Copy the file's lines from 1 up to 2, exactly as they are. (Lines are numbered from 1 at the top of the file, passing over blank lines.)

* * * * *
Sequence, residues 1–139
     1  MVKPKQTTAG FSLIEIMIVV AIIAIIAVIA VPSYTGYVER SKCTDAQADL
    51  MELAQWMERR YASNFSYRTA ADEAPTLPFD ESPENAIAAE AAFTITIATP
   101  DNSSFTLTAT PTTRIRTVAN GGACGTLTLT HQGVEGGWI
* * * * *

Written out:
Sequence, residues 1–139
     1  MVKPKQTTAG FSLIEIMIVV AIIAIIAVIA VPSYTGYVER SKCTDAQADL